Scoring From 100 Yards And In

Developing a solid short game is a must if you want to shave strokes off your golf handi-cap. As we’ve often said in our golf tips newsletter, a good pitch or chip from 100 yards and in turns three (or more) strokes into two. These saved strokes add up over the course of a round and can dramatically lower your golf handicap. But most short game shots are “in between” shots. That’s a problem. It’s much easier to make a full swing shot than a shot where you’re in between clubs.

Distance Control Is Key

The key to making these short-game shots is distance control with your wedges. Some players like to control distance by “feel.” But that can be difficult to do. An easier ap-proach is to control distance mechanically. You can do that by controlling the length of your swing. It’s the length of the swing with consistent tempo that creates the desired shot distance. If you can master this method, you’ll be able to dial in your shots from 100 yards and in, saving strokes.

Many players who have trouble controlling distance have two major flaws. They have a backswing and downswing that are not the same length and a swing tempo that varies significantly from shot to shot. Both are killers when it comes to distance control. Both are also the result of trying to hit shots with “feel” only. This method might work for Tour players, but its extremely difficult for weekend golfers to master. And judging from what we see in our golf lessons, few do. What’s needed is method that eliminates feel from the shot.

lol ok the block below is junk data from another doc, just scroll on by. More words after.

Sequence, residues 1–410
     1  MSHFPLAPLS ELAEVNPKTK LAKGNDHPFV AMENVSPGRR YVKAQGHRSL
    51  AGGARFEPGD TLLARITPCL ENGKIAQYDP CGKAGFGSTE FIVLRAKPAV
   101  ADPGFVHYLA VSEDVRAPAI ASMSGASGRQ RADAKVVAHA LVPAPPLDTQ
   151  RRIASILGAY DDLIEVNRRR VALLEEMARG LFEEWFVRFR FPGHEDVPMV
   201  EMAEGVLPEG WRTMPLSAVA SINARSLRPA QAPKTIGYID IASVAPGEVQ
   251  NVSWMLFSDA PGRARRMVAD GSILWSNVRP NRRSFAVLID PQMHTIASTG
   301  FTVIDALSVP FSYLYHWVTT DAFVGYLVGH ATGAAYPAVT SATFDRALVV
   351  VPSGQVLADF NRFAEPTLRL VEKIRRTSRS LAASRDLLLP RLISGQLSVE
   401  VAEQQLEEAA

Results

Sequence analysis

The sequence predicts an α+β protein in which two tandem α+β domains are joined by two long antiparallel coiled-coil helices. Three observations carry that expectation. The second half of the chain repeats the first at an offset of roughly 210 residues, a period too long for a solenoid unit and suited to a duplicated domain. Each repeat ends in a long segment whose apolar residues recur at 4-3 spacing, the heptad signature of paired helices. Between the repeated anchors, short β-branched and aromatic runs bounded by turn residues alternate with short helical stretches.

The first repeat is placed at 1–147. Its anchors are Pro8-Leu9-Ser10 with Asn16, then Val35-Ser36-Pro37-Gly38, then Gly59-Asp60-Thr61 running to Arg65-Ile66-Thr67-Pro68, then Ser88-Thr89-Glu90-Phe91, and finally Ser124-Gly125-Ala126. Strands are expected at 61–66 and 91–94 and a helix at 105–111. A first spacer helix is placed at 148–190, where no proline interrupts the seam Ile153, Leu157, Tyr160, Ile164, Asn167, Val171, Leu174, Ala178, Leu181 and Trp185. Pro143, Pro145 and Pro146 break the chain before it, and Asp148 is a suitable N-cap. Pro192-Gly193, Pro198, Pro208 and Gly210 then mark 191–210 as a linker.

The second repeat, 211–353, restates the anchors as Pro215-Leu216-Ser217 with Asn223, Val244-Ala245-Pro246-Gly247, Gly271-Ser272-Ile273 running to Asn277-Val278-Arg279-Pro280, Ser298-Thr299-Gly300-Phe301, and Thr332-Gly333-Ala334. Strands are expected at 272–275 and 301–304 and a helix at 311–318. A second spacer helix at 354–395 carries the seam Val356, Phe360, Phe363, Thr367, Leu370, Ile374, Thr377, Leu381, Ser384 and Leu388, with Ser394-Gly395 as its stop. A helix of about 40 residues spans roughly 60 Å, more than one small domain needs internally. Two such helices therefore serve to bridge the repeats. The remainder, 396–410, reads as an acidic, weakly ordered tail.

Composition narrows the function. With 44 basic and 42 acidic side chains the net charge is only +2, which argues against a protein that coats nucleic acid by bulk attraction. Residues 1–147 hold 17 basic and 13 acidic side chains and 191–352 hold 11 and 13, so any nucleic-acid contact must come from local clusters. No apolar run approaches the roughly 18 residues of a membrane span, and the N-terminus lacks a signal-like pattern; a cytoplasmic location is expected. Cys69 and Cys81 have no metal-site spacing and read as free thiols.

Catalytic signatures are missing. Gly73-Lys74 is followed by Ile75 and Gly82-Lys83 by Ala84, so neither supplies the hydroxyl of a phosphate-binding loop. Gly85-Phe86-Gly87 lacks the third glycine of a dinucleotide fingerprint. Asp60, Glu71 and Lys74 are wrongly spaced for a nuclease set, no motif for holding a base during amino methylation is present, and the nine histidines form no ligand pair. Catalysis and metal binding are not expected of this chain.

A Proven Method

A proven method for controlling distance involves three components: 1) where to place your hands on the club, 2) the width of your stance, and 3) the length of the swing. Each component contributes equally to controlling distance. Each changes based on the length of the shot. The method works well for many golfers because it is simple and easy to execute.

For example, if you were half the normal distance of a full wedge shot, your stance would be wide but not as wide as for a full wedge shot, and you’d choke down a couple of inches on the club. Your swing length would be shoulder height on both the backswing and downswing. These components would change if you had a shot that was 20 percent of a full-wedge shot. Your hands would be placed almost at the bottom of the grip, your stance would be narrow, and your swing would be short, both in the backswing and the downswing.

Keys To Method

One key to executing this method is that you must maintain a consistent tempo through-out your swing. Golfers at our golf lessons that often have a hard time achieving a consis-tent swing tempo. One way to overcome this is with a metronome. A metronome is a de-vice used in music to mark time. It’s a great way to train yourself to swing with a repeat-able tempo. When training yourself to do this, make a concerted effort to rotate your body all the way through to the finish while letting your arms and hands follow. This creates a smoother “connected” motion.

A second key to this method is to determine how far you hit the ball with each setup and swing length. That’s easily accomplished by going to the range or an empty field where you have plenty of room and hitting balls using the different setups and swing lengths. Once you learned the distance for each setup and swing length, you’re ready to dial in short game shots from any distance.

Developing a good short game is among the fastest way to chop strokes off your golf handicap. A good short game saves tons of strokes. One way to hit accurate short game shots is through feel. But this method is hard to master for weekend golfers. A simpler and better approach is the method described above. It enables you to control distance me-chanically and eliminates inconsistency. Once you’ve achieved these goals, your short game will take off.

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Trulli

Author: Jack

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